Mud, Sludge and Pearly Whites

categories: breath fresh

It’s camping season and you know what that means? Aside from fun and frolics at the main stage of a festival or mini fry-up on the family camping stove, many of us will have to contend with hour long bathroom queues, mud up to our knees and dubious shower cubicles. Who’s idea was it to stay in a field again? While roughing it is all part and parcel of the experience, your teeth need not suffer also, it’s amazing how much more refreshed you’ll feel cleaning your pearls after a long day.

As part of our research we spoke to several regular festival goers, and family camping enthusiasts to examine their oral health routines while on a short break in the English countryside. Angharad admitted to using sticks and tissue to clean her teeth when away. “It’s not ideal,” she said “But it beats the big queue for the bathroom.” “A bottle of water and a spit outside the tent,” laughed Jessie “The kids love it, and even compete on distance.”

Sarah told us that once she was in line for the bathroom at Glasto and dropped her toothbrush in the mud, “It was the first day,” she told us “And I spent the rest of the week debating the grotesqueness of fuzzy teeth vs the risk of a stomach bug, this time around I’m investing in some disposable brushes!”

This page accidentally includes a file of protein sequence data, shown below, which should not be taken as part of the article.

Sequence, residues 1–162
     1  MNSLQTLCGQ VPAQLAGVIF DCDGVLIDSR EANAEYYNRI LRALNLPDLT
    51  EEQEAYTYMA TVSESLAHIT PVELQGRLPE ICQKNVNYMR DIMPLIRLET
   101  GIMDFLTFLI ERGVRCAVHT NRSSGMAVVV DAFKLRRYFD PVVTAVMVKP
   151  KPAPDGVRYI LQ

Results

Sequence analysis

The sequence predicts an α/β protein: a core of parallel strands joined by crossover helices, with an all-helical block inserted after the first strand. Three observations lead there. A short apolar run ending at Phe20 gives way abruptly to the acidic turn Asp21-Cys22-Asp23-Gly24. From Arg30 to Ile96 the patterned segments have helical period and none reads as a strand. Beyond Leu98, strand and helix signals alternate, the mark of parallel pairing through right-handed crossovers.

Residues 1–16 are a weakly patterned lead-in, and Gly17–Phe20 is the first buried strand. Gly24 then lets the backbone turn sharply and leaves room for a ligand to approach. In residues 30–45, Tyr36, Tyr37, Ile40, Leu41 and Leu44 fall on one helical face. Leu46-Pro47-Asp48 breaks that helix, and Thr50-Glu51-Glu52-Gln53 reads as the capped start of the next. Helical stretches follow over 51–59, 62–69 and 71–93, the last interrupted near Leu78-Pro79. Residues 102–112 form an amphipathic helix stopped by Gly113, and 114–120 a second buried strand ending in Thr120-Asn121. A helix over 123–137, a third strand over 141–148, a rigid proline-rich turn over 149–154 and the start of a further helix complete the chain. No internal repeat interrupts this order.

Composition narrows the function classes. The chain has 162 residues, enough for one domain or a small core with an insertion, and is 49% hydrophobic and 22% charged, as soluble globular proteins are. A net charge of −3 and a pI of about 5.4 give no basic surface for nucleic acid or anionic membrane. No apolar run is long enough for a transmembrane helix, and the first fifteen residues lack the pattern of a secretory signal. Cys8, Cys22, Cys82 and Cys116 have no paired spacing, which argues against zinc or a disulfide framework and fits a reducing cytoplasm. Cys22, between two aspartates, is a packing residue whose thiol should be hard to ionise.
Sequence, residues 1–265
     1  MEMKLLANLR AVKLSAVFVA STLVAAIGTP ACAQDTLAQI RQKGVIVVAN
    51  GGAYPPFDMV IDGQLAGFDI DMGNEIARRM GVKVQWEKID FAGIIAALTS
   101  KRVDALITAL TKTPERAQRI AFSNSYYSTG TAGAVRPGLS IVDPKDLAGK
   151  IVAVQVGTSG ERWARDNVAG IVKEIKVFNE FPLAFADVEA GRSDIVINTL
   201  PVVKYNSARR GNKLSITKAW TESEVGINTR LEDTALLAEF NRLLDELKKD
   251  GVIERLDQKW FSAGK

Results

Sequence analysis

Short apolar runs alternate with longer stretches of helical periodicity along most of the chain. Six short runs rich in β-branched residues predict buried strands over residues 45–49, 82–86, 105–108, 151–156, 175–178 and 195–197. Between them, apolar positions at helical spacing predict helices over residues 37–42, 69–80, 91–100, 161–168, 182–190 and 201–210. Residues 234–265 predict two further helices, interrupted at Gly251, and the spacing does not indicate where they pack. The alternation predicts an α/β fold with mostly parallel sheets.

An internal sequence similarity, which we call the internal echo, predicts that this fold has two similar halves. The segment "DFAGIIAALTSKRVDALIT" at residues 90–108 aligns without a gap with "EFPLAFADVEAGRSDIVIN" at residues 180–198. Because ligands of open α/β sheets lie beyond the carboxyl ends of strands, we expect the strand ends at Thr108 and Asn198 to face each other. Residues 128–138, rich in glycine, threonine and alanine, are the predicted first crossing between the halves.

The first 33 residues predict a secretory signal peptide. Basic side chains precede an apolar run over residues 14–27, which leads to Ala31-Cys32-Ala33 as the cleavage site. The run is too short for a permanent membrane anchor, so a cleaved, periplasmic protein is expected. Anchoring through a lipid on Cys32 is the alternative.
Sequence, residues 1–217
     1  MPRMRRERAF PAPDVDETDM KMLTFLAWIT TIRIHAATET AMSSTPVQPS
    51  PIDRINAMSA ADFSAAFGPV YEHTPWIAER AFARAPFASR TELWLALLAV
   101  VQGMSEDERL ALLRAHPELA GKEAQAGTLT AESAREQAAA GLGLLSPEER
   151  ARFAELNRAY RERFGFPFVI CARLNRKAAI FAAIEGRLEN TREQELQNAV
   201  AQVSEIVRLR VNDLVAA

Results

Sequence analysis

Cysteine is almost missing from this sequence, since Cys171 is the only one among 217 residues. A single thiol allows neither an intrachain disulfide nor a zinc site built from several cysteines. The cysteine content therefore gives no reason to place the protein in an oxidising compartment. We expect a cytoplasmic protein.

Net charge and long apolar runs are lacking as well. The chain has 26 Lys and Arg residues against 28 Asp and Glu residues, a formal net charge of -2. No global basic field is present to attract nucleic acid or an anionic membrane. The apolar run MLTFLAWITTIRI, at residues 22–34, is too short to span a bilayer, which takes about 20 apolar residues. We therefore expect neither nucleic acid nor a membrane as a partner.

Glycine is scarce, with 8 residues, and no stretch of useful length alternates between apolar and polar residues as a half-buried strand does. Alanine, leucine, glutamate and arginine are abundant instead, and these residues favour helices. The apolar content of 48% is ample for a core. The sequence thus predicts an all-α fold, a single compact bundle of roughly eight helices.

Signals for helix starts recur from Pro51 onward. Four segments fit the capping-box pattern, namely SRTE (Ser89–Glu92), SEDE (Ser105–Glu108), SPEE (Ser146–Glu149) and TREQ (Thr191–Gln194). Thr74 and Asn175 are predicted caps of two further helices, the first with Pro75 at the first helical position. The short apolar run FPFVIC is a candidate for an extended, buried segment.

So what are disposable tooth brushes? Do they do a good enough job? Here’s our advice


While there is no shortage of bunk purchase options from international sellers it’s important the one you choose meets UK safety regulations. Some, but by no means all imports, have been known to lose their bristles. And good oral health means choosing one which will have soft yet firm bristles. We recommend you go with a known brand.

Other options include chewable brushes, these don’t even need water and can be moved around in your mouth to clear away food debris discreetly yet effectively.

With or without paste

Some nifty products even include toothpaste built in, this can be handy when you’re armed only with a bottle of water. You can also purchase mini toothpaste tubes from your dentist or local chemist. Michelle told us, “Chewable brushes are the way forward, I always carry a couple with me to ensure I’m not caught out.”

Which ever product you choose, we recommend brushing twice a day at least for two minutes at a time. While there have been numerous studies into the effectiveness of electric, manual and disposable brushes, evidence suggests technique and regularity are far more important than style when it comes to keeping healthy teeth and gums.

If you’re going away and want further advice in the pros and cons of disposable brushes why not ask your dentist or contact us to book your Consultation or regular check-up on 0121 711 2424